U.S. Threat to Squeeze Russia’s Economy Is a Tactic With a Mixed Record

Sanctions, like aiming to cut oil exports, could also hurt European allies. “It’s a limited toolbox,” one expert said.

LONDON — When Russian soldiers crossed into Ukraine and seized Crimea in 2014, the Obama administration responded with a slate of economic penalties that ultimately imposed sanctions on hundreds of Russian officials and businesses and restricted investments and trade in the nation’s crucial finance, oil and military sectors.

Now, with Russian troops massing on Ukraine’s border, the White House national security adviser has declared that President Biden looked Russia’s president, Vladimir V. Putin, in the eye this week “and told him things we didn’t do in 2014 we are prepared to do now.”

Whether harsher measures would persuade Russia to stay out of Ukraine, however, is far from clear. Historically, economic sanctions have a decidedly mixed track record, with more failuresthan successes. And actions that would take the biggest bite out of the Russian economy — like trying to severely curb oil exports — would also be hard on America’s allies in Europe.

“We’ve seen that over and over again, that sanctions have a hard time really coercing changes in major policies,” said Jeffrey Schott, a senior fellow at the Peterson Institute for International Economics who has spent decades researching the topic. “It’s a limited toolbox.”

The best chances of success are when one country has significant economic leverage over the other and the policy goal is limited, Mr. Schott said — yet neither of those conditions really applies in this case. Mr. Putin has made clear that he considers Russia’s actions in Ukraine a matter of national security. And outside of the oil industry, Russia’s international trade and investments are limited, especially in the United States.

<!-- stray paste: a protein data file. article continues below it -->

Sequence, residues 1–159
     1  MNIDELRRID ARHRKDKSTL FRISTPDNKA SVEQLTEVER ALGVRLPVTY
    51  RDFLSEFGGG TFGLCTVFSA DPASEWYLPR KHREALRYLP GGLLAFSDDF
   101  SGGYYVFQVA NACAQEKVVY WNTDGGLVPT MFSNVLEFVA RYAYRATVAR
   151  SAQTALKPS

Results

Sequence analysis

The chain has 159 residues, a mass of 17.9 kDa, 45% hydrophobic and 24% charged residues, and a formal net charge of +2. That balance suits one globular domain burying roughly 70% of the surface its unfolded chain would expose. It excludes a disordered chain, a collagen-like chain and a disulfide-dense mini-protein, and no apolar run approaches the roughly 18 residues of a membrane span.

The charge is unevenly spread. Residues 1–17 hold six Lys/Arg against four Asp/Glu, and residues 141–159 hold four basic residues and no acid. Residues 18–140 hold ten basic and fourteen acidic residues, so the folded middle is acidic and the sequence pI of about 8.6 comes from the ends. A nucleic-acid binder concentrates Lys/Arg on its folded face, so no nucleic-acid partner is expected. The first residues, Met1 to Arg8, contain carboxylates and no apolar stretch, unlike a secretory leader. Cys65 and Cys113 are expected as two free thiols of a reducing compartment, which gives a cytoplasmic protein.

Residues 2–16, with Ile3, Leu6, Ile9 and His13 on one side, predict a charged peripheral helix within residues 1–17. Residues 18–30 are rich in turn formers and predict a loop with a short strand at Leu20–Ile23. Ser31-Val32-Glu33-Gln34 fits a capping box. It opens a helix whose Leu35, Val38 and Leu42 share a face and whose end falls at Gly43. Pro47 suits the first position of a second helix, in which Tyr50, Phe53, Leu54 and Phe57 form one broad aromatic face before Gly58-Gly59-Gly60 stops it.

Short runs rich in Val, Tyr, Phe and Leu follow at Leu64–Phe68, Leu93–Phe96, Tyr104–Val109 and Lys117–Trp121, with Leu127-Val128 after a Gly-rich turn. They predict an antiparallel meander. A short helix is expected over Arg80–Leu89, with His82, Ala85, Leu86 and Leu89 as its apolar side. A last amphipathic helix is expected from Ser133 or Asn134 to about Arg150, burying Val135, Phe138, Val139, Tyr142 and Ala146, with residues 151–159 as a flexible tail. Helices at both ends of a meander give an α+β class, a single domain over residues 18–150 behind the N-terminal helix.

With direct military intervention essentially off the table, Biden administration officials have listed a series of options that include financially punishing Mr. Putin’s closest friends and supporters, blocking the conversion of rubles into dollars, and pressuring Germany to block a new gas pipeline between Russia and Northern Europe from opening.

Work on that pipeline — called Nord Stream 2 — has been completed, but it is waiting for approval from Germany’s energy regulator before it can begin operating.

Any request from Washington would coincide with a leadership change in Berlin. The new chancellor, Olaf Scholz, and his cabinet were sworn into office on Wednesday. He has not yet made any definitive statements on the pipeline. Gas reserves are unusually low in Europe now, however, and there are worries about shortages and soaring prices as winter approaches.

Russia supplies more than a third of Europe’s gas through the existing Nord Stream pipeline and has already been accused of withholding supplies as a way of pressuring Germany to approve Nord Stream 2.

Washington could impose much more sweeping sanctions on particular companies and banks in Russia that would more severely curtail investment and production in the energy sector. The risk of tough sanctions on a company like Gazprom, which supplies natural gas, is that Russia could retaliate by cutting its deliveries to Europe.

“That would hurt Russia a lot but also hurt Europe,” Mr. Schott said.

In terms of ratcheting up the pressure, James Nixey, the director of the Russia-Eurasia program at the Chatham House think tank, suggested that financially squeezing the oligarchs who help Mr. Putin maintain power could be one way of bringing more targeted pressure.

“I would place a great premium on going after the inner and outer circle around Putin, which have connections back to the regime,” he said.




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